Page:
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Goyal takes up Adani project with Australia

Raghuvir Srinivasan Canberra | Updated on February 10, 2016

Power Minister Piyush Goyal with Australia’s Minister for Resources, Energy and Northern Territories Josh Frydenberg in Canberra at the Australia-India Energy Dialogue on Wednesday RAGHUVIR SRINIVASAN

The $16.5-billion project is to mine coal in the Carmichael mines in Queensland





The Adani group’s coal mining project in Australia figured in talks between visiting Power Minister Piyush Goyal and Australia’s Minister for Resources, Energy and Northern Territories Josh Frydenberg as part of the Australia-India Energy Dialogue here today.

The two ministers discussed a range of issues covering cooperation in the field of coal mining technology, carbon capture and storage, sourcing of liquefied natural gas (LNG) from Australia and prospects for the Indo-Australia free trade agreement, apart from the Adani investment.

Green approval

The $16.5-billion project to mine coal in the Carmichael mines in Queensland recently received environmental approval from the state government and is now awaiting grant of mining licence, which is the last of approvals needed for work on the project to begin.

Addressing a group of visiting Indian correspondents along with Goyal, Frydenberg said that the “Adani investment” was one of the issues that was discussed. This is a project that will see billions of dollars of investment and create thousands of jobs. So, it is very important to our relationship and we’re looking forward to it going ahead,” Frydenberg said, pointing out that both the state and federal governments and the federal opposition all support the Carmichael project.

Resolving issues

Later, when asked what was the specific discussion about the project, Goyal would only say: “We discussed so many projects that are stressed in India and in Australia. Both sides had issues where each others’ commercial interests were stressed. So, we agreed that we should look at all these projects in a manner that these issues are resolved.” Australia, for instance, had problems with mining licence for a project in Karnataka and a joint venture iron ore project in Odisha, among several other such issues.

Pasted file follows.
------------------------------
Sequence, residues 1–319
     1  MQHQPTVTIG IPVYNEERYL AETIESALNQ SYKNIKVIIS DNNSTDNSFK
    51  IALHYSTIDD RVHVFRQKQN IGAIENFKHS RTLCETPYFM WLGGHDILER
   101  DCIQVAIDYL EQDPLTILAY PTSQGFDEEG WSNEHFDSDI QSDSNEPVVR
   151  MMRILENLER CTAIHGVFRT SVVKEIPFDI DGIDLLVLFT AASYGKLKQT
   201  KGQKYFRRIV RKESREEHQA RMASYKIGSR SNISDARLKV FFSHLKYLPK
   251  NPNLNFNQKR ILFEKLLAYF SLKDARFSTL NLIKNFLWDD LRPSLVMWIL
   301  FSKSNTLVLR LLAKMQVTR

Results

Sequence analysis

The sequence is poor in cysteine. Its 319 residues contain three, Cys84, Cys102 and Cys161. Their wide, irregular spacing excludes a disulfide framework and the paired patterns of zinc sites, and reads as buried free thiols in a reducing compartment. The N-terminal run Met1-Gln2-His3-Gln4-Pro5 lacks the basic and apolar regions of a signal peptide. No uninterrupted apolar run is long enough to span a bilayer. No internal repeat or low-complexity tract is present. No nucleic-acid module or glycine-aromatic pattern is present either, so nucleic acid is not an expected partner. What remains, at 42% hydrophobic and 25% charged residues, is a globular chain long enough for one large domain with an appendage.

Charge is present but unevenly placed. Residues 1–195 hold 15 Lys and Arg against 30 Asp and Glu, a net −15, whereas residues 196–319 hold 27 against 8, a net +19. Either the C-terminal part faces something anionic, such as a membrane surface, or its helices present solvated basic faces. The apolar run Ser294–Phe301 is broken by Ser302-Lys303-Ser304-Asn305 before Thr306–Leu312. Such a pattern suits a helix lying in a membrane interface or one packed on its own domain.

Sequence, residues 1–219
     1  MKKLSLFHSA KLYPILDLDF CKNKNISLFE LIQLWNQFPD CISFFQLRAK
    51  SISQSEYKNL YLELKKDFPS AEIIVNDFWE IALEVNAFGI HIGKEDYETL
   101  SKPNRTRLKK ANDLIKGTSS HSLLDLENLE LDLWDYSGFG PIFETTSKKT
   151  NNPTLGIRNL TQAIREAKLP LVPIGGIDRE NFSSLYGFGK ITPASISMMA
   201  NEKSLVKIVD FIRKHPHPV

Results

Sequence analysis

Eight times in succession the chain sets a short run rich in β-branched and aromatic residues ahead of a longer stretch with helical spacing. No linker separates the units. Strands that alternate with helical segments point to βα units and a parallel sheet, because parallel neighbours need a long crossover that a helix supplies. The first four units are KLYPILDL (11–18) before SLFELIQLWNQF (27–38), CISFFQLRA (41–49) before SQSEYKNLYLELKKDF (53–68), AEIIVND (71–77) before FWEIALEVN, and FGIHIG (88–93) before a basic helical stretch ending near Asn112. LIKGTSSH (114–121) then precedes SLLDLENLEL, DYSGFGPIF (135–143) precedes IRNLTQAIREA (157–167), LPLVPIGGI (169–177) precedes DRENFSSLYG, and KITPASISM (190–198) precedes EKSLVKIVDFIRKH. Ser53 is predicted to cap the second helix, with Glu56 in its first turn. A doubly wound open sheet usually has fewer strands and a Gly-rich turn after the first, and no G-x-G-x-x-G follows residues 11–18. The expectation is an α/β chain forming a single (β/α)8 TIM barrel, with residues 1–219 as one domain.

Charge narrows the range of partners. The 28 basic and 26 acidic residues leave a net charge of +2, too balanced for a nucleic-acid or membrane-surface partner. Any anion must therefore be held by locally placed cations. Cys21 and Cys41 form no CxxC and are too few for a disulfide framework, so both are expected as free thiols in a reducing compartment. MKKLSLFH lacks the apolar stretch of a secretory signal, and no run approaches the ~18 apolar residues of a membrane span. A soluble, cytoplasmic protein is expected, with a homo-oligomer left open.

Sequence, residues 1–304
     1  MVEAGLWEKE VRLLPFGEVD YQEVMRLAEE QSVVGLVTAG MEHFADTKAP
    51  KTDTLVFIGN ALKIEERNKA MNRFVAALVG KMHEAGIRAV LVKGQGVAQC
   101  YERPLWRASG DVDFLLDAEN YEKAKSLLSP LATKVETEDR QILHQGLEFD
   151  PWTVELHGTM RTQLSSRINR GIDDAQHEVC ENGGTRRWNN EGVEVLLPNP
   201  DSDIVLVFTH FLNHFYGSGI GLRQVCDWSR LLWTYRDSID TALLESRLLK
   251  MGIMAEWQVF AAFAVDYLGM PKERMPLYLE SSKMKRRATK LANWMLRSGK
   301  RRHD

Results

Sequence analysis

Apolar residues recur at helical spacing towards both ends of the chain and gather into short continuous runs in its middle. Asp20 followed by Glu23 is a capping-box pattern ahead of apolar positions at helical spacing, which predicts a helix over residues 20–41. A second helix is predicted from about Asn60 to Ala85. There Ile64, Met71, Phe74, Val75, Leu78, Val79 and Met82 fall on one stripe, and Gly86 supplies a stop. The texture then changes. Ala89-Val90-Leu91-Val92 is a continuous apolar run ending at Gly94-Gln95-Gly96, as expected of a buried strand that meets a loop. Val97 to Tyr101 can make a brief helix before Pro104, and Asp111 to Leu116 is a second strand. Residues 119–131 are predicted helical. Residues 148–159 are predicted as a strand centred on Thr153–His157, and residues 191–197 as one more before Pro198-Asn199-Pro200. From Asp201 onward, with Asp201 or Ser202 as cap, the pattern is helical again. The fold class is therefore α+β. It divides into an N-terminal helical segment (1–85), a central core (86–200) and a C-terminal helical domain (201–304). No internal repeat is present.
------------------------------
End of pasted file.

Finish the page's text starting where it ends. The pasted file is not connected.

The ministers agreed to set up five working groups that would focus on taking the dialogue forward.

These would be in the areas of coal mining and clean coal technologies, LNG, including re-gasification technology, renewable energy, coal bed methane, and underground coal gasification, and smart grids and grid integration technology. “I can see energy becoming the most important and defining part of our engagement with Australia in the days to come” the Minister said.

‘Want to be part of Indian Express’

A Free Trade Agreement between the two countries, which has been hanging fire for long, came up in talks that Power Minister Piyush Goyal had with Australia's Resources and Energy Minister Josh Frydenberg.

Goyal was guarded in his comment saying that he had had a “little bit” of discussion at a conceptual level with Trade and Industry Minister Andrew Robb. “It is for the Commerce Minister to comment. Even today, we have a team of officials here to discuss issues surrounding Rules of Origin,” Goyal said.

Frydenberg was, however, more forthright: “We very much want an agreement with India.... Australia wants to be a part of the Indian Express. I think an FTA is not just an economic imperative but also a political imperative. And I’m sure whether it’s down in the near future or in the medium term, an FTA between our two countries will become a reality.”



(The writer is in Australia at the invitation of CII.)

Published on February 10, 2016

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